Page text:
Drivers Feeling Shunned by D.C.
City Less Welcoming to Suburban Cars
By Eric M. Weiss
Washington Post Staff Writer
Sunday, July 6, 2008; Page A01
The District is escalating what some suburban commuters are calling its war against workers who drive into the city.
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The city has changed parts of Constitution Avenue NE from a reversible commuter artery back to a quiet side street and is considering removing the reversible lane on 16th Street NW, a key commuting route from Montgomery County.
Mayor Adrian M. Fenty's administration also is studying closing the section of the Interstate 395 tunnel that connects with New York Avenue NW, expanding the use of speed cameras and increasing parking fees and enforcement. Fees for encroaching on a crosswalk would increase from $50 to $500 under a pedestrian safety proposal.
The District is moving toward becoming "the most anti-car city in the country," said John Townsend, a spokesman for AAA Mid-Atlantic. "They see commuters as the enemy."
City officials say that the moves are part of a policy of putting the needs of its residents and businesses before those of suburban commuters and that they are trying to create a walkable, bikeable, transit-oriented metropolis.
Like New York, London, Stockholm and Portland, Ore., District officials said, the city is reclaiming its streets for the people who live there. With billions of dollars invested in the Metro system, there are plenty of ways for commuters to get into the city without bringing exhaust-spewing vehicles with them, officials said.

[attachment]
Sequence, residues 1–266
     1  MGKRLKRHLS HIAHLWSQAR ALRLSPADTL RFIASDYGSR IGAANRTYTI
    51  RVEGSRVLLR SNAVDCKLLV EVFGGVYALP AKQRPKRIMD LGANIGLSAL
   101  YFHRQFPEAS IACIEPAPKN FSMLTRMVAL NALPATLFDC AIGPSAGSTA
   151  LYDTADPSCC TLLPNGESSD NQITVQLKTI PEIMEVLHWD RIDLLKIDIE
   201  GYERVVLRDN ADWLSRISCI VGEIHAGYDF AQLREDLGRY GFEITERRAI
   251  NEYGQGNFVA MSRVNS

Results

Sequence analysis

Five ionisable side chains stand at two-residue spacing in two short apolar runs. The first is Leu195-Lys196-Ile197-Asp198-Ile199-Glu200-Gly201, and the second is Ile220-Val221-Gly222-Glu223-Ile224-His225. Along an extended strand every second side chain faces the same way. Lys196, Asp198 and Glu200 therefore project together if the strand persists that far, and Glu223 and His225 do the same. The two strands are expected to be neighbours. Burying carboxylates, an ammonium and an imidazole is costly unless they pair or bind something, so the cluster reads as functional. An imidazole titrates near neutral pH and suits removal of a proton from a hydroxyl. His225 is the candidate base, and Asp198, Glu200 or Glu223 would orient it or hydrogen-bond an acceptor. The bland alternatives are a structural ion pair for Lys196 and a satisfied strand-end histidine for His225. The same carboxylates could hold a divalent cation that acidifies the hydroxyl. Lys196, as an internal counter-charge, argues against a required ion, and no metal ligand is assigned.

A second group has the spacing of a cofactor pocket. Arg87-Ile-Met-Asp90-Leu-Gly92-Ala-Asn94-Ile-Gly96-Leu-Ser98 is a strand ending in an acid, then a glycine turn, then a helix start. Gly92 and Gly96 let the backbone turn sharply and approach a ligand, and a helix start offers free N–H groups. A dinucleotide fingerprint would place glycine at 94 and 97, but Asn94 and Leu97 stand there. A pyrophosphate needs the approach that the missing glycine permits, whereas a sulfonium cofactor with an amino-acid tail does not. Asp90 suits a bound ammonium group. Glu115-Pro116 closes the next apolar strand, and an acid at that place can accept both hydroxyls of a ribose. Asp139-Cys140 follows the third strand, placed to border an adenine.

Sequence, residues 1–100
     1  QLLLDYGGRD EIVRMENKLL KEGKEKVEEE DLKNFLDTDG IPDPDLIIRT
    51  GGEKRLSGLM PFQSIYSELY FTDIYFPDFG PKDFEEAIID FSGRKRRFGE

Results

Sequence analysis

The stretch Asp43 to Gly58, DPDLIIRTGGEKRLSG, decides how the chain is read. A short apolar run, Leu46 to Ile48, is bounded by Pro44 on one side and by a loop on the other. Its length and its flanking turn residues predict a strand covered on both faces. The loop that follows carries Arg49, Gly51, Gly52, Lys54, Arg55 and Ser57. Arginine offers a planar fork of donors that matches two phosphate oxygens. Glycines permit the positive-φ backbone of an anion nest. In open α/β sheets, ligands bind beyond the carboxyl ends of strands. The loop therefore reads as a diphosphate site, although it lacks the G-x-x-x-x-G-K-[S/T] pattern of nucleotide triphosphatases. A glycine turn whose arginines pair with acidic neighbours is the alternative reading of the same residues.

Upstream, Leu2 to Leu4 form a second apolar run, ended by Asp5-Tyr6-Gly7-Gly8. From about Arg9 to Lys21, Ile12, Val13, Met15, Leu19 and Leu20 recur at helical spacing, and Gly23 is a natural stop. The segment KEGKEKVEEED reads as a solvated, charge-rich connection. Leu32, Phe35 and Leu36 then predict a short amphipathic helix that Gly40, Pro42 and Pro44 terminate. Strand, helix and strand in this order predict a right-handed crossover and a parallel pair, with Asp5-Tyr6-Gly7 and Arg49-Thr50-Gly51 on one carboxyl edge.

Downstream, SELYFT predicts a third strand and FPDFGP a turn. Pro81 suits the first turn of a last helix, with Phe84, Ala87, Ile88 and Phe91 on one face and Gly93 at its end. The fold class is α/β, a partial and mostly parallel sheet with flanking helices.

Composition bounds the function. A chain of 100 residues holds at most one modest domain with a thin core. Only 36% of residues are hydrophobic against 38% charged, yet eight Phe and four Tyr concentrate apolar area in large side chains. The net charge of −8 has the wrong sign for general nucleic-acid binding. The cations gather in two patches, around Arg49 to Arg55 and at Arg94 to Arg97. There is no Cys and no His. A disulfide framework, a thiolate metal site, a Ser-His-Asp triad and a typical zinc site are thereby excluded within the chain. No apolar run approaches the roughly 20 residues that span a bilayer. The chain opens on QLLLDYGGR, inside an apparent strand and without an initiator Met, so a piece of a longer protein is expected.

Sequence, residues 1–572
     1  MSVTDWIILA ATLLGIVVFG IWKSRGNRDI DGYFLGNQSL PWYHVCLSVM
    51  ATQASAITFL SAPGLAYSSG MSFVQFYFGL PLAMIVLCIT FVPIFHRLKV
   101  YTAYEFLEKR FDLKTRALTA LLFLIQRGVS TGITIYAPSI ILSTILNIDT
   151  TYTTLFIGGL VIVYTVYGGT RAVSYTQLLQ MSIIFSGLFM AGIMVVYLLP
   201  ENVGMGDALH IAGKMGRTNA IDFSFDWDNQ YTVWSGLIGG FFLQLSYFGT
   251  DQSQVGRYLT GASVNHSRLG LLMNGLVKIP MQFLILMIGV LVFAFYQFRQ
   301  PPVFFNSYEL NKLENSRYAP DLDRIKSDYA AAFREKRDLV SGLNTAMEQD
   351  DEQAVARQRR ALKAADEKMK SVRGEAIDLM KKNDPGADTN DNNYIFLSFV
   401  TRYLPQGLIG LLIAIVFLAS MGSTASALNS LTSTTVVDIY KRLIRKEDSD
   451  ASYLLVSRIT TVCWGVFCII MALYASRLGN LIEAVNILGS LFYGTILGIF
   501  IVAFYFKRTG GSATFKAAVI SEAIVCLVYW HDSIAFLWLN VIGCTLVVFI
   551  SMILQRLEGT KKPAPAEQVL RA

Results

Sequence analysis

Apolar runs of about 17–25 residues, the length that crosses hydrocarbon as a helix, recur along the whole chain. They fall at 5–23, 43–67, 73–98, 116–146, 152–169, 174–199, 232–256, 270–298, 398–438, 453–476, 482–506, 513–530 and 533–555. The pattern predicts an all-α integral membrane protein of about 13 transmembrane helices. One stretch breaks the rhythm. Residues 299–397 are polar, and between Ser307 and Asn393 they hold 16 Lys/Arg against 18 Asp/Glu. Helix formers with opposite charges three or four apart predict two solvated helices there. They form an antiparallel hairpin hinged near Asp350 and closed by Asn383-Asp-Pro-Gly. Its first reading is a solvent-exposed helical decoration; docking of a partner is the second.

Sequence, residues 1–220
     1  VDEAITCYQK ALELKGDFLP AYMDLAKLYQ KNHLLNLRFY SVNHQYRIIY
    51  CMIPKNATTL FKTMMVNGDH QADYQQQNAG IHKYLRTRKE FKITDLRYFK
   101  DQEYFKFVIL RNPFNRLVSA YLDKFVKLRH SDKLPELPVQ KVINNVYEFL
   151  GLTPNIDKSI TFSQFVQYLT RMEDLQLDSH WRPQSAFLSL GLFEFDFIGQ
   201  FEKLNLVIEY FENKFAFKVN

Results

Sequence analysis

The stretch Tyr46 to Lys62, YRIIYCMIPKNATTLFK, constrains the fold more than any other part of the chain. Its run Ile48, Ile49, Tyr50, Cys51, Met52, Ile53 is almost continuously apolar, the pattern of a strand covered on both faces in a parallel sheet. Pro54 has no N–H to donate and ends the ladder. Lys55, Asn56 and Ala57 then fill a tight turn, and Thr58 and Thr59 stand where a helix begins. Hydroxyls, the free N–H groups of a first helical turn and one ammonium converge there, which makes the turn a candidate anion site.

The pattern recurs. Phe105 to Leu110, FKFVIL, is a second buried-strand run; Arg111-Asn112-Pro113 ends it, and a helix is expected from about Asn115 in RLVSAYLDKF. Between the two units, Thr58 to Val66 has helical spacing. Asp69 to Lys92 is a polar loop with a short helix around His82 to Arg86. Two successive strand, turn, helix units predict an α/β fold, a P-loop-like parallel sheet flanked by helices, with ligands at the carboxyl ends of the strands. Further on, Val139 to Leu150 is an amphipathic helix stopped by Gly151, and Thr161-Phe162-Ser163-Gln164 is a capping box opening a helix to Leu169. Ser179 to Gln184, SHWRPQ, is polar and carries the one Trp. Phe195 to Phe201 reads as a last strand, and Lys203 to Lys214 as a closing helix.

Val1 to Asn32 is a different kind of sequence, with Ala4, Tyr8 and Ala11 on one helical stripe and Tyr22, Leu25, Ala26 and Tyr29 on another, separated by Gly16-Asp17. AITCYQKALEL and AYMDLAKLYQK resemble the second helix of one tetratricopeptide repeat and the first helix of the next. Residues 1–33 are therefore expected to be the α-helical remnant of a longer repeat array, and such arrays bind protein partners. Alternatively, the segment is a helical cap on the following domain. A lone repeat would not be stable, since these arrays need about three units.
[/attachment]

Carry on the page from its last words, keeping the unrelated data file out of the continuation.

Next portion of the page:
Portland's support of cycling pays off
View from Jonathan Maus' bike in Portland traffic
According to Bicycling Magazine, Portland, Ore., has the highest number of bike commuters in the country. Ethan Lindsey reports on the industry that's grown up around all those riders.
Award winning innovation
JCDecaux's Cyclocity was awarded the 2006 Janus de l'Industrie label from the French Design Industry. This accolade, judged by experts in design and manufacture, is awarded to products that provide real benefit to users.
Cyclocity case studies
A row of bicycles for hire
France's second largest city adopted the system in May 2005. It has been a huge success, with people combining cycles and other modes of transport to reach work or leisure destinations.
* 2,000 bicycles and 175 pick up/drop off ranks installed
* Up to 16,000 rentals per day
* Each bicycle used by up to 15 people each day
* Average journey time is 17 minutes and 1.7 miles in distance
* In 10 months users cycled 2.5 million miles - the same as travelling from the Earth to the Moon ten times.